If Hunter signed with Florida State, few outside of the niche community that follows recruiting would know his name right now. He could, and likely would, blossom into a big star over the next few years, but it’s a crowded market.

Instead he’s the lead story in all of sports today and a feel-good tale especially for fans and alumni of HBCUs everywhere. Yes, even Alcorn State fans are nodding a little bit.

That’s called creating value. And Travis Hunter should cash in on every last drop of it, no matter how much some old-school football coaches whine and complain. It’s not like their salaries are dropping.

Jackson State head coach Deion Sanders directs his players against the Florida A&M Rattlers on Sept. 5.  (Nick Tre. Smith/Icon Sportswire via Getty Images)
Jackson State head coach Deion Sanders directs his players against the Florida A&M Rattlers on Sept. 5. (Nick Tre. Smith/Icon Sportswire via Getty Images)

This is absolutely what NIL can and will do. Not a mass scale, but certainly in the micro. It’s how startups or companies far from big cities try to beat bigger, richer employers for talent in the workforce.

Money talks. Always.

For most players, that will occur at the big schools which generate the most profits and offer the most exposure. This is a unique, although not exclusive, case. It isn't some seismic event.

“NIL doesn’t change where the athletes are valued and athletes go where they generate the most value,” Schwarz said. “So Hunter is actually not, in my view, some sign of a coming sea change.”

Needless to say, the ACC and SEC don’t need to panic. But in this case, Hunter’s earning potential is probably bigger at Jackson State than FSU despite not playing in major FBS-level games or the College Football Playoff.

First off, he’s the first one. Such news loses shock value as it is repeated. Second, embracing the underdog is a powerful thing. Stephen Curry is one of the biggest college basketball stars of the past two decades, not because he played at Duke or Kentucky but because he didn’t (he starred for Davidson).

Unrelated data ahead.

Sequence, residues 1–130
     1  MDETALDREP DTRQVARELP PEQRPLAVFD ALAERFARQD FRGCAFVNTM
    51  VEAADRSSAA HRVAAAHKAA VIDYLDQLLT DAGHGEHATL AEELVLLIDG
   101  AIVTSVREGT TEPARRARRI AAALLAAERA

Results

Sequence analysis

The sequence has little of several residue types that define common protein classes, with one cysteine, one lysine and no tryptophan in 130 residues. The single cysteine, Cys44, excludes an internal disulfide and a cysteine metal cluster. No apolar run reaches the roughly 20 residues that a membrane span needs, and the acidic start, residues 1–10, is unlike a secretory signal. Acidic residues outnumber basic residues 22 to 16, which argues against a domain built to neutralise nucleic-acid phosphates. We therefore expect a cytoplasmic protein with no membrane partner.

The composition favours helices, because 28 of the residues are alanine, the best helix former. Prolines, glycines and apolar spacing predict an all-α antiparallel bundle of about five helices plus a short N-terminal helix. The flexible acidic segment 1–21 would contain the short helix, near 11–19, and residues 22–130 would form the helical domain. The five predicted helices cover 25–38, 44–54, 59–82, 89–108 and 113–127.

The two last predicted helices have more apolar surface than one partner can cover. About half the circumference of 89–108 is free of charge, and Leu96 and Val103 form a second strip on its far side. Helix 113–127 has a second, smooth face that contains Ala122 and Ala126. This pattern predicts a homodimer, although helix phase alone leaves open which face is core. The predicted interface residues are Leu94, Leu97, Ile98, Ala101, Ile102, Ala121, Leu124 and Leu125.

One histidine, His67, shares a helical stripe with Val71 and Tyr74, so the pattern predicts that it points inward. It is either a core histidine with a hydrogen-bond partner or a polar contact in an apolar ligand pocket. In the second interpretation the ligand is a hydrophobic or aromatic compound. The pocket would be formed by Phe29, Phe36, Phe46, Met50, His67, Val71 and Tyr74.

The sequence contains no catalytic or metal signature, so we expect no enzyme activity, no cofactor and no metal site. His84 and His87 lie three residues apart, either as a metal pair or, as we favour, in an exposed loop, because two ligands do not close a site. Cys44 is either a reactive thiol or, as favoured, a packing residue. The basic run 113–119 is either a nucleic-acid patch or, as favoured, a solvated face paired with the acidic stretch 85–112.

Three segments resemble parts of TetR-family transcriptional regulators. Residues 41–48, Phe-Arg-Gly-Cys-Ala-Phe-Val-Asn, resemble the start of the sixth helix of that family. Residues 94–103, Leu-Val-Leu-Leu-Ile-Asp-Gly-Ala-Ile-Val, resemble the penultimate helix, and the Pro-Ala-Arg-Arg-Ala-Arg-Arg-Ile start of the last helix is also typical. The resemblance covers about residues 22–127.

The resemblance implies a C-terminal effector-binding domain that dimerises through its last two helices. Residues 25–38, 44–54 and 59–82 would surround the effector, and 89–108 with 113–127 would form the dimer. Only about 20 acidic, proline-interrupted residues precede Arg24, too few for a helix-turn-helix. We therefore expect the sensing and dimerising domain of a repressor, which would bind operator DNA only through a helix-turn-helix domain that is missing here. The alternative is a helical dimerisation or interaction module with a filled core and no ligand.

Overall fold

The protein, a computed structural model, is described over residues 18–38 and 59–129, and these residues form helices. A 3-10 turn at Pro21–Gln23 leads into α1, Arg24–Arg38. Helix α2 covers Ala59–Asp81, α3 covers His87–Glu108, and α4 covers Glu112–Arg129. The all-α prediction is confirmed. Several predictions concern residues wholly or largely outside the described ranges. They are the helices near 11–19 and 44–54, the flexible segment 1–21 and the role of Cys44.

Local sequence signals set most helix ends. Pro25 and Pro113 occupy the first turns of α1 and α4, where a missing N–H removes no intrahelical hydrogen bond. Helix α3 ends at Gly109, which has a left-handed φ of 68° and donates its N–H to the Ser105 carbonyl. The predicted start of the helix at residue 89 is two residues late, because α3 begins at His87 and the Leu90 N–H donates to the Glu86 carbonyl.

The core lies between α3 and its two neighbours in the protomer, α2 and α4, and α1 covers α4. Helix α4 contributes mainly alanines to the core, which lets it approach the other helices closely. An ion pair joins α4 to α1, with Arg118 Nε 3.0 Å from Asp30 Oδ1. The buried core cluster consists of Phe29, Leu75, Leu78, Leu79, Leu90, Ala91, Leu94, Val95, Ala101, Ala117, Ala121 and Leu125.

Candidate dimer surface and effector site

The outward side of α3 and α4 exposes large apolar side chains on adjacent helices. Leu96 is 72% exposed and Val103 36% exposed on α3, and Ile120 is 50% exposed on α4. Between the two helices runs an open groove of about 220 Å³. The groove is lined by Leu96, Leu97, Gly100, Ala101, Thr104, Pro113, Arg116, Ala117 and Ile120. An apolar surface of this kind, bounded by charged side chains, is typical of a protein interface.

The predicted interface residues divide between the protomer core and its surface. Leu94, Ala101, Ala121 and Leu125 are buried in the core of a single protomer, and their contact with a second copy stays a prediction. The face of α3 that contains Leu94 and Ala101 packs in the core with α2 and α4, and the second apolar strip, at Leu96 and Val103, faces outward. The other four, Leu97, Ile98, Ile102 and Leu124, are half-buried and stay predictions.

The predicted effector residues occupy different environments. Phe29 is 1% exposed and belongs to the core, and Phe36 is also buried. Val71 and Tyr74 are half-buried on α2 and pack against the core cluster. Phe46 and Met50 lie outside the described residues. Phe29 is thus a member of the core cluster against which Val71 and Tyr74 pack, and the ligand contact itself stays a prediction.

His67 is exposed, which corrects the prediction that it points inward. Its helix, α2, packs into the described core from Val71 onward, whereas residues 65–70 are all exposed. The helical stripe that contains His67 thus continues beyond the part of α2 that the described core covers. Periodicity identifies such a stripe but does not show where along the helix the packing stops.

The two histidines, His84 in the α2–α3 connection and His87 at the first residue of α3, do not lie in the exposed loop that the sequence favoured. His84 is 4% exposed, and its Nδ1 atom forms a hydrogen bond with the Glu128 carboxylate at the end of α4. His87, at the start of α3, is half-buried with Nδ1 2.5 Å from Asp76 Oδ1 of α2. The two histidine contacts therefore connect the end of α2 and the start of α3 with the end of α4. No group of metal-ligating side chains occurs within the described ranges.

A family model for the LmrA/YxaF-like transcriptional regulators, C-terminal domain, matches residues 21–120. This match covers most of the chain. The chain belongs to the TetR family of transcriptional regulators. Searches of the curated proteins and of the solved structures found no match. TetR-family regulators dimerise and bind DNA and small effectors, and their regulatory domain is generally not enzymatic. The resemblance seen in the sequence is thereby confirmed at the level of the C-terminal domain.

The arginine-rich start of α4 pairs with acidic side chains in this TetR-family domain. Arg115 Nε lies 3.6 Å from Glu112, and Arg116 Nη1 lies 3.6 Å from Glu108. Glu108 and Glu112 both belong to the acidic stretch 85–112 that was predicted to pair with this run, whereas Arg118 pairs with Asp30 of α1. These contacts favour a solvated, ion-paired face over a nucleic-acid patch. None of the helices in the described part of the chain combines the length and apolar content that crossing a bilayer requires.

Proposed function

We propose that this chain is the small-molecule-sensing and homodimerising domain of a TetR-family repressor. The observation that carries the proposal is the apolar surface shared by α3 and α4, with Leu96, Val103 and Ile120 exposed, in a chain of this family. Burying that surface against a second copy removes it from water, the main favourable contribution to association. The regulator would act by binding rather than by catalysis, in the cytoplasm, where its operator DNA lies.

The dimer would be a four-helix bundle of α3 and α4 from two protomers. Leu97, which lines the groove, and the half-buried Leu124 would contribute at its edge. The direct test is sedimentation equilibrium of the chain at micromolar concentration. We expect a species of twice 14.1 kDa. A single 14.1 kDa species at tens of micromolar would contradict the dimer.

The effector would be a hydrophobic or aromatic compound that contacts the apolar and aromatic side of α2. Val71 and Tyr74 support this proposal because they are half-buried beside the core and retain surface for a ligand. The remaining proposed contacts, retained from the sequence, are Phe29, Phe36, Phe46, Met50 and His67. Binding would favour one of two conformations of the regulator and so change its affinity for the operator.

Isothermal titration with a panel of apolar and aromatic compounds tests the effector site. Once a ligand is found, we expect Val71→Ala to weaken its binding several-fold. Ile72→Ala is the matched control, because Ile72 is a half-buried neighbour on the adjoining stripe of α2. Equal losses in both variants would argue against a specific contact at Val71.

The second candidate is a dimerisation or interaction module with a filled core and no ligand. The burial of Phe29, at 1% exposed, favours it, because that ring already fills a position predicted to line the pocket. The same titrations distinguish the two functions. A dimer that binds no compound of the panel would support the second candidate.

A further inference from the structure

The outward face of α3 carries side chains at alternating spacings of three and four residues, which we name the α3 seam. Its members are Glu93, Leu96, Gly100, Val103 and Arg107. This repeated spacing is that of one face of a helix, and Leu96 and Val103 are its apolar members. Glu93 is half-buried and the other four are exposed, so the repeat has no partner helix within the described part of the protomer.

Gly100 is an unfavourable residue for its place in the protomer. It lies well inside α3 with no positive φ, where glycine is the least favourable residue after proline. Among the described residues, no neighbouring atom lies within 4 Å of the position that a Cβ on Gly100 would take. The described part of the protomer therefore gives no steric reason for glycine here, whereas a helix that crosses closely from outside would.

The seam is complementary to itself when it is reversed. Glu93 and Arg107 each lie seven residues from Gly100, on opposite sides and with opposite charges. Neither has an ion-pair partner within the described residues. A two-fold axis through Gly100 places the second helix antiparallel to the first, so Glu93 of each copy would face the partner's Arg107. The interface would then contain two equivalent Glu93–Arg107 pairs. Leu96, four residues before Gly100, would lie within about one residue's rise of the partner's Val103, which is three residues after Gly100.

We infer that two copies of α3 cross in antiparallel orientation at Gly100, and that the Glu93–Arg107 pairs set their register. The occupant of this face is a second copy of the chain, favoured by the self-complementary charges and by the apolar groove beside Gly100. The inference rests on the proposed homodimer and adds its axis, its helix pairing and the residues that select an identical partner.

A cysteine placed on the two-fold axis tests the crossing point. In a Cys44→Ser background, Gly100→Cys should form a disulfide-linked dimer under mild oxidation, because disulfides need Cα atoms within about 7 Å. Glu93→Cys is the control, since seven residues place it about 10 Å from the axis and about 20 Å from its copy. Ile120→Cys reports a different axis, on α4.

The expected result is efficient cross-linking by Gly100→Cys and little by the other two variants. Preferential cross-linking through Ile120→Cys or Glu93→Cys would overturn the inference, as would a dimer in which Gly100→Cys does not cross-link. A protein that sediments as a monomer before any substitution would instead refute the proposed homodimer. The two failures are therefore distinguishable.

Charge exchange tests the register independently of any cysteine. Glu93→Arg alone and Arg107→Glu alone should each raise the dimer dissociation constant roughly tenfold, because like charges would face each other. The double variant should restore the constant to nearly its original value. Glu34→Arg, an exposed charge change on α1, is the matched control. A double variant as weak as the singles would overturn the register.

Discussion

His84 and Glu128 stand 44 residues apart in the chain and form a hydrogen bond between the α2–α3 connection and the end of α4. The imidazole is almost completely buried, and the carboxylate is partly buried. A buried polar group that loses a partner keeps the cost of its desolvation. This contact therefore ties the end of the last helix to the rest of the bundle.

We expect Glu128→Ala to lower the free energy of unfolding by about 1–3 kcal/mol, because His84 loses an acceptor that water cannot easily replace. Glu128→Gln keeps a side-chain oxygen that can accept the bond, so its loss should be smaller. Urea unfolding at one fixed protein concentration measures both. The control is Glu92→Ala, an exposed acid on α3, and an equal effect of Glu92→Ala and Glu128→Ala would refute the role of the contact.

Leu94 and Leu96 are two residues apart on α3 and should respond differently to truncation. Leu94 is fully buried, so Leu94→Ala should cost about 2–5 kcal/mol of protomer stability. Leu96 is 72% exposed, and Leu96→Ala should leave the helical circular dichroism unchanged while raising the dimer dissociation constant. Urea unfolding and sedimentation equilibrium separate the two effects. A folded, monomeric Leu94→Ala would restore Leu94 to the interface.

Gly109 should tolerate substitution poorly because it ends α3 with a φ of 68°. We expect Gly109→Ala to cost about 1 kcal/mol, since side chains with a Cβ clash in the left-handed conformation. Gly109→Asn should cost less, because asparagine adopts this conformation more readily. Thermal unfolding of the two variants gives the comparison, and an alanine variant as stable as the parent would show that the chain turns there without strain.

And while Jackson State (11-1 this season) may not be in the SEC or ACC, it is by no means some tiny, insignificant program. It has long been a big deal in Jackson (a metro area of 600,000) with deep roots in the Black community across the state. Three times this season, the Tigers attracted crowds of over 50,000 to Veterans Memorial Stadium.

And now it has a breathtaking young talent who is already a point of pride for millions across America.

In simple economic terms, he made a very wise decision.

In terms of college football, he represents a spreading out of talent. It’s a trickle so far. Most of the best players still signed with the best programs on Wednesday — Alabama, Georgia, etc. That will likely continue. But a few five-star recruits chose their local school (Missouri, Iowa, North Carolina) in part because of NIL opportunities. It may never turn into a floodgate, but it’s something.

If nothing else, NIL makes these kinds of decisions easier, leveling the playing field so if the best player in the country really wants to go play for the NFL legend at the HBCU, there is plenty of incentive for him to make that move. Or maybe it's a QB to Boise State. Or a local linebacker to Cincinnati.

Either way, good for Travis Hunter. Good for Jackson State. Good for HBCU football in general and the SWAC in particular.

And good for college football.